Among other things, Susannah encourages Rose-Lynn to go to court to lift the restriction placed on her by her ankle monitor, specifying that she not leave her domicile at night. That limitation, her wary lawyer argues, prevents her from practicing her real profession as a singer, and, though the moment isn’t played in a triumphal way, the judge agrees.

Rose-Lynn then approaches Susannah, in her usual blunt way, about making it possible for her to fulfill her ultimate goal: to go to Nashville and become a luminary in the field she loves. Susannah demurs at funding the trip on her own, but devises a canny means of raising the money, and Rose-Lynn makes her way to the U.S., even though it means leaving her children behind at a particularly difficult moment.

In Tennessee, Rose-Lynn, as you might expect, visits the auditorium where the Opry performed for years, and she detaches herself from the tour to ascend the stage and begin singing. When other musicians join her, it appears that the film has reached its “Star Is Born” apogee, and you might think that its final act is preordained.

But in a final, satisfying twist, Rose-Lynn chooses another path, which one can read as redemptive in an unexpected way.

So the secret behind the success of “Wild Rose,” which easily have succumbed to the feel-good fantasy formula so familiar from past pictures, is, first, a script (by Nicole Taylor) that rejoices in upending expectations and direction that skirts the invitation to pander to the audience. The result is a movie that, despite a plot that is hardly innovative, is refreshingly unpredictable because it avoids hitting the normal narrative beats on the head.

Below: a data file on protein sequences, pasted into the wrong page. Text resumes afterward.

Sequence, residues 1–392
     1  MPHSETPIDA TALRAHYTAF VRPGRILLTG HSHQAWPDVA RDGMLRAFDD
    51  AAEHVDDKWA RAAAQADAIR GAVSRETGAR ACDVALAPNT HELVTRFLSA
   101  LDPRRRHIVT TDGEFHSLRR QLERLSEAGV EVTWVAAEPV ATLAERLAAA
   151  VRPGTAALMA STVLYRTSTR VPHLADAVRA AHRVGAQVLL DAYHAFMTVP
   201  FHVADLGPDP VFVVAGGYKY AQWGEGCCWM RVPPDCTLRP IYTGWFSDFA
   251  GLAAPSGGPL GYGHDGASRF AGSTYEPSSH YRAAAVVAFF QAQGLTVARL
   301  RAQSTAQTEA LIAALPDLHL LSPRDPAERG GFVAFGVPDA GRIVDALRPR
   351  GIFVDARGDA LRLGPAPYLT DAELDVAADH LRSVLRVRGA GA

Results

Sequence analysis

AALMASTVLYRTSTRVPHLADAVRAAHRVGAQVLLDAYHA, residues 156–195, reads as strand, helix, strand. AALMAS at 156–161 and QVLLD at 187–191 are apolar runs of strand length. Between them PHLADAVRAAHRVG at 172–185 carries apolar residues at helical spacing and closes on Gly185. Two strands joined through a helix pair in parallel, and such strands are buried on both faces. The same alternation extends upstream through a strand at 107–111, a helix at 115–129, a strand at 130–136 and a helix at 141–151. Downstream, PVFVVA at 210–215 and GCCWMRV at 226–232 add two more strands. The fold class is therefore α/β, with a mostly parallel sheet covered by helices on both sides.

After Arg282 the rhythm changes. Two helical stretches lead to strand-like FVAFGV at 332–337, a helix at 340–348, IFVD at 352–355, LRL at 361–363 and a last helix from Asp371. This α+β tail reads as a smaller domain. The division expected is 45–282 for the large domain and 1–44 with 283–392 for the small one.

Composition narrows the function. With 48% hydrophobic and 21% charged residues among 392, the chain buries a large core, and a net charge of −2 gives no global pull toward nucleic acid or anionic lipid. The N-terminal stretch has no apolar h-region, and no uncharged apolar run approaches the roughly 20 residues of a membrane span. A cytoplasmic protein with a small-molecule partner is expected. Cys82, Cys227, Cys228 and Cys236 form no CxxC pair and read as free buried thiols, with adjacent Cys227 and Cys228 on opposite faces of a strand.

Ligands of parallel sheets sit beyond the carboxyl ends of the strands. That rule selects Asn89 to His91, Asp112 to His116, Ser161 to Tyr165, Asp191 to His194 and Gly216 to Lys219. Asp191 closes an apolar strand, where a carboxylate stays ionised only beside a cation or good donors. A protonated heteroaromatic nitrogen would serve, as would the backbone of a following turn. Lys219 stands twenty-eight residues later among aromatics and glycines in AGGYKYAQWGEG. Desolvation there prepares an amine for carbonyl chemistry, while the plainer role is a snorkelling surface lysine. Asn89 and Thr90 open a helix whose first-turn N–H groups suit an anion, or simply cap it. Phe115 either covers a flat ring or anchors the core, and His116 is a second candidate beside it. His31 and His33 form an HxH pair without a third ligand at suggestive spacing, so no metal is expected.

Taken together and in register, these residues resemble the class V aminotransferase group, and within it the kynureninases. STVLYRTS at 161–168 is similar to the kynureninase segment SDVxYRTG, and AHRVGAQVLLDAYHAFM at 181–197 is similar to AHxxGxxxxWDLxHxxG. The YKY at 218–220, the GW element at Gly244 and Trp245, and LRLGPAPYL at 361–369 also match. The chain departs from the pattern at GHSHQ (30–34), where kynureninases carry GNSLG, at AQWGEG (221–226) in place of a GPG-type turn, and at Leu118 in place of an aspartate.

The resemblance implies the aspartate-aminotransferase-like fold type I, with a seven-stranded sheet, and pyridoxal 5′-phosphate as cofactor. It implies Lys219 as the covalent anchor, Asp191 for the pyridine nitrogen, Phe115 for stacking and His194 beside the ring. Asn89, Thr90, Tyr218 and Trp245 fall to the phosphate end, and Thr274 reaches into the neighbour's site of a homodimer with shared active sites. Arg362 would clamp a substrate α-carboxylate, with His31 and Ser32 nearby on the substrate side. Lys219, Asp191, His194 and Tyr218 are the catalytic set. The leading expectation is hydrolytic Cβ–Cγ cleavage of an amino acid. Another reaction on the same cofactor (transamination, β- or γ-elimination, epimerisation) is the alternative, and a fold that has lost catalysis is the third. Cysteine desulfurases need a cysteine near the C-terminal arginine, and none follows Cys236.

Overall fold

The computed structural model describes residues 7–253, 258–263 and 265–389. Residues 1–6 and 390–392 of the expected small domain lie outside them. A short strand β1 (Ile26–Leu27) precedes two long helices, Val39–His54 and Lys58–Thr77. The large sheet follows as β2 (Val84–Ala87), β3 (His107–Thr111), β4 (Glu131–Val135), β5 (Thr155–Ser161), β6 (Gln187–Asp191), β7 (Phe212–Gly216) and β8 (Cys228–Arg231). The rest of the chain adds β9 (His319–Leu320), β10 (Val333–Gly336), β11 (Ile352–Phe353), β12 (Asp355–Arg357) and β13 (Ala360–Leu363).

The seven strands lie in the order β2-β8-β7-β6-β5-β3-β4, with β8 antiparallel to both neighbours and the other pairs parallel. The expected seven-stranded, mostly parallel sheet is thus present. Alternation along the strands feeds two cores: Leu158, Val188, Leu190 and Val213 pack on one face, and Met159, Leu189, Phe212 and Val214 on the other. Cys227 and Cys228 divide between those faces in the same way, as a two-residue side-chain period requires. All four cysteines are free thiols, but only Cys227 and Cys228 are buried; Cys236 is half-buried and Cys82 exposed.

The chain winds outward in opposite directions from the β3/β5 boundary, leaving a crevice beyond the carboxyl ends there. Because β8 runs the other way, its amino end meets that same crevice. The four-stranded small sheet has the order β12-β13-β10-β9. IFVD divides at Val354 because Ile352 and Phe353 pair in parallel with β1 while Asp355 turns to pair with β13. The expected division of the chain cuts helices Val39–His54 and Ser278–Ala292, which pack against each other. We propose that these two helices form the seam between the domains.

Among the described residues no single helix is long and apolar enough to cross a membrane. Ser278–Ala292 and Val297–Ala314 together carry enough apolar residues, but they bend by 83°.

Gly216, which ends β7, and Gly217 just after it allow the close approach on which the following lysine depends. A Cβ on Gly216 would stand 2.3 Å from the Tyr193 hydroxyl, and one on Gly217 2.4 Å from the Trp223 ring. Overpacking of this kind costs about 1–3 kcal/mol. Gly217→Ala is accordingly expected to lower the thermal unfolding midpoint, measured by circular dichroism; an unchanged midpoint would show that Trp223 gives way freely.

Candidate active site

None of it would work, however, without an outstanding performance at the center, and Buckley provides it. She sings strongly, and makes you believe that Rose-Lynn could really succeed in the music business. But while showing the character’s drive and talent, she is also unafraid to portray the woman warts and all; she is willing to show Rose-Lynn’s serious flaws, and to present her as unlikable in many respects, particularly in terms of her treatment of Wynnona and Lyle. Buckley, quite simply, makes Rose-Lynn credibly imperfect.

Happily, however, she does not have to carry the film entirely on her own. Walters, so good in comedy, demonstrates her dramatic chops here, while Littlefield and Mitchell aren’t typically adorable kids—Harper entices layered performances from them as well. And Okonedo makes Susannah supportive, but no pushover. The technical side of the film—Lucy Spink’s production design, Mark Eckersley’s editing, George Steel’s cinematography—is fine, but it’s the musical supervision of Jack Arnold that plays the largest role in putting everything across.

“Wild Rose” is definitely a crowd-pleaser, but one that doesn’t follow all the rules—just like its titular character.